"I'm drowning and you're describing the water!" Jack Nicholson uttered these words in the classic film As Good As It Gets. More importantly, I've uttered these words many a time to a woman who will not be derailed when she feels she must spell out what she perceives the problem to be. That woman would be my darling mother. Now, assuming the person who has the problem does not fully understand said problem is not totally unreasonable but when the dilemma is imminent death by way of asphyxiation, one might find any thoughts on avoiding this scenario or finding a solution to be a bit more of value.
On the other hand, my mother might take a look at this series of essays and could essentially say the same about me. Drowning, as a metaphor, has direct links to the experience of depression after all and they're both "D" words! So what is there to gain from describing it? My mother is smart enough to pass this question up. Her issue is my choice to share it, to make it public. I'm drowning. I'm describing the water...and I'm inviting all to witness how deftly I choose my words as this all occurs. Do I have to do this? Is this the only way I share my writing? Of course not.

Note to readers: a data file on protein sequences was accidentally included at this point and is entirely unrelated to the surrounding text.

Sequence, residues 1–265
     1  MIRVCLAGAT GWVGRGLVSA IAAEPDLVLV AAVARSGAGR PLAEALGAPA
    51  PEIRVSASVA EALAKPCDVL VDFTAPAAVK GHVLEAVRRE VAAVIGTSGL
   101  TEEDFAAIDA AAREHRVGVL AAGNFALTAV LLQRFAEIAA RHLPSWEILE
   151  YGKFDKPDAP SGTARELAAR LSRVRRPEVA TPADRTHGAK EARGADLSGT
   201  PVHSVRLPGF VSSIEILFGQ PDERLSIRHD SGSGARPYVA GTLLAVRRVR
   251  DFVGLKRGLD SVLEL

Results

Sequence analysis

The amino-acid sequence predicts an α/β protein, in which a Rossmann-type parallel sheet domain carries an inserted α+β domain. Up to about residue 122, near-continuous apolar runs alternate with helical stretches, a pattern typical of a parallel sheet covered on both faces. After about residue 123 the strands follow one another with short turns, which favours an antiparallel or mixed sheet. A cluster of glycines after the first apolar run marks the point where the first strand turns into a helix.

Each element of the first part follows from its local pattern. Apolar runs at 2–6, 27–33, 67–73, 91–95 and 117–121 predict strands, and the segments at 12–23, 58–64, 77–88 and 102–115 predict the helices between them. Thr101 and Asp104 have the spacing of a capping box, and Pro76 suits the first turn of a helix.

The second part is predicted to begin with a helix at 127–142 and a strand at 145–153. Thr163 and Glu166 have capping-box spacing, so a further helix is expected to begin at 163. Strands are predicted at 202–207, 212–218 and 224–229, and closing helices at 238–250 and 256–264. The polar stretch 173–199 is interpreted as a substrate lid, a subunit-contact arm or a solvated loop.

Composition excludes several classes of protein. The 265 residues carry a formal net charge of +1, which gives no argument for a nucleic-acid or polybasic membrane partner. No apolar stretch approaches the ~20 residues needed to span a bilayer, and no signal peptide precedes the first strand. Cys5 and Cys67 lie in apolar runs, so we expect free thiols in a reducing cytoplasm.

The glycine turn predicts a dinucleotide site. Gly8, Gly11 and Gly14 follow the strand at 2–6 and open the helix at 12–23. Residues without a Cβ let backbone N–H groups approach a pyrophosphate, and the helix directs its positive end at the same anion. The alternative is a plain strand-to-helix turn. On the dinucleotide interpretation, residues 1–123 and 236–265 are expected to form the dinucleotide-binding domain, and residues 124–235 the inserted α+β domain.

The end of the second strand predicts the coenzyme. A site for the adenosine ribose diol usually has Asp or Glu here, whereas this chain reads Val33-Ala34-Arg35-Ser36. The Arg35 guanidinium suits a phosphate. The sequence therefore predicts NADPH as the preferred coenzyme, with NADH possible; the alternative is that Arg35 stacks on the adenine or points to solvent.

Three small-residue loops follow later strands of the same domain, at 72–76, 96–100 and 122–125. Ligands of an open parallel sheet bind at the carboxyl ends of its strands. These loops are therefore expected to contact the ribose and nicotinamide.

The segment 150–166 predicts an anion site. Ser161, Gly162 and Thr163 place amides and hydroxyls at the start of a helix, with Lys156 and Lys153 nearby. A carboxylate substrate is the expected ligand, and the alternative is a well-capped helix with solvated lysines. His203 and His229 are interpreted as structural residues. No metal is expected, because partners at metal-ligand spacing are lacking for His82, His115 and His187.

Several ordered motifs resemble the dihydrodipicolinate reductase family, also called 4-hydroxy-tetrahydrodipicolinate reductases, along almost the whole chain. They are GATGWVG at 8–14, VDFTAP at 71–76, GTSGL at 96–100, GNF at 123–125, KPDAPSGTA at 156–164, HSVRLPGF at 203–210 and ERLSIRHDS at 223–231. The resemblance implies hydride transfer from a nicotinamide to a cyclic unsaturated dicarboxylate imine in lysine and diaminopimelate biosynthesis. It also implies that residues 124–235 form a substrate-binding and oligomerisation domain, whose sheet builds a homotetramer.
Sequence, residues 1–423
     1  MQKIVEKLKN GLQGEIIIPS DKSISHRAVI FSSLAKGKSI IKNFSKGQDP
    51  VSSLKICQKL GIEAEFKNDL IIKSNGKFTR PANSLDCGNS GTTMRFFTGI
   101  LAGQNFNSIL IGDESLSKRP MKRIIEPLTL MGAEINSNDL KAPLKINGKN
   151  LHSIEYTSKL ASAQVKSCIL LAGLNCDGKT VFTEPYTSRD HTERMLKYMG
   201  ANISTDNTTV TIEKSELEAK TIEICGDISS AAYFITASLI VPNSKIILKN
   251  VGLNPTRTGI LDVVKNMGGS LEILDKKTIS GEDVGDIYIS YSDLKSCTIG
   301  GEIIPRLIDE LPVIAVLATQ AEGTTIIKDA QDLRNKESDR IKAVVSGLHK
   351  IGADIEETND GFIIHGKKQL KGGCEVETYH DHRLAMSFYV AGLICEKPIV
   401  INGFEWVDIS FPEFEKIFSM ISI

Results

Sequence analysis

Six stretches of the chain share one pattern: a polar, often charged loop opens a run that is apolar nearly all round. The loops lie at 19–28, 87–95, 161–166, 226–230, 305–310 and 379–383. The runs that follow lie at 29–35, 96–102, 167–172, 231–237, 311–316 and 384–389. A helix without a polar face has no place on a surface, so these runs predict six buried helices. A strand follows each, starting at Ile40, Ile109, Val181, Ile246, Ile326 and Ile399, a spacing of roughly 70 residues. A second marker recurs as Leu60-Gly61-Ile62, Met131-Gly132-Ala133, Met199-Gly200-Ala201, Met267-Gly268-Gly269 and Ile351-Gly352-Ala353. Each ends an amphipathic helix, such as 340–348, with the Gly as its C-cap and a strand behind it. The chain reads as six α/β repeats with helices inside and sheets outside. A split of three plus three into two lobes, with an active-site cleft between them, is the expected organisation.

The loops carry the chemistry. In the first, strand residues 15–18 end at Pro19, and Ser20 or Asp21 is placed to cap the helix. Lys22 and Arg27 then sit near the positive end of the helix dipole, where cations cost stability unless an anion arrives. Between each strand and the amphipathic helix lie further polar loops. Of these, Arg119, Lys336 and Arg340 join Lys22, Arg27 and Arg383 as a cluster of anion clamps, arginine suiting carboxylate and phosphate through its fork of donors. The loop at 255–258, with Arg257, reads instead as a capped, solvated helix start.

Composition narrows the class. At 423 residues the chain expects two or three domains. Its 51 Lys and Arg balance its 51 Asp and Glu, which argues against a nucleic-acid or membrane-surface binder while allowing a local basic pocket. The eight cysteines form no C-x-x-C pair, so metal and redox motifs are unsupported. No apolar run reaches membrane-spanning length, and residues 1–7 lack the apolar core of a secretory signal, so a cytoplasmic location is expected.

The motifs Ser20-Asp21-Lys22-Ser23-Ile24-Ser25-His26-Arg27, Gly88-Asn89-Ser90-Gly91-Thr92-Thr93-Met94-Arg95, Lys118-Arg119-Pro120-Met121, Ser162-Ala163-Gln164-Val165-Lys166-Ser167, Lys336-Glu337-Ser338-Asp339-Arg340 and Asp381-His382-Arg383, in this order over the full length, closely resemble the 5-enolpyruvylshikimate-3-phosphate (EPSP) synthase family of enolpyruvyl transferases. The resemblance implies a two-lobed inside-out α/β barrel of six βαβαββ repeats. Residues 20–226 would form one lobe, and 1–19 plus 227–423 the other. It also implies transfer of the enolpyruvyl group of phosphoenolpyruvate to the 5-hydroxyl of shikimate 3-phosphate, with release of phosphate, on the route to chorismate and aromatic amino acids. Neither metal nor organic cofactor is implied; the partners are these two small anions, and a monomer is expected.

My mother is here to protect me and to ensure I remain protected. She will always be. Being perplexed as to why her son who spends so much time staying clear of the darkness would choose to return to it on any basis, regular or otherwise, is perfectly reasonable. On the other hand, if my writing were to gain an audience and maybe even help others, there wouldn't even be an issue. For now, the word is catharsis. I face it. I engage it it. I report it here.Soon, this series will end. The sparring will not but whatever readers I do have will always know that while we all pursue our daily lives, some may be drowning but still others could be sitting right next you sparring with thoughts, sparring with ideas, sparring with themselves.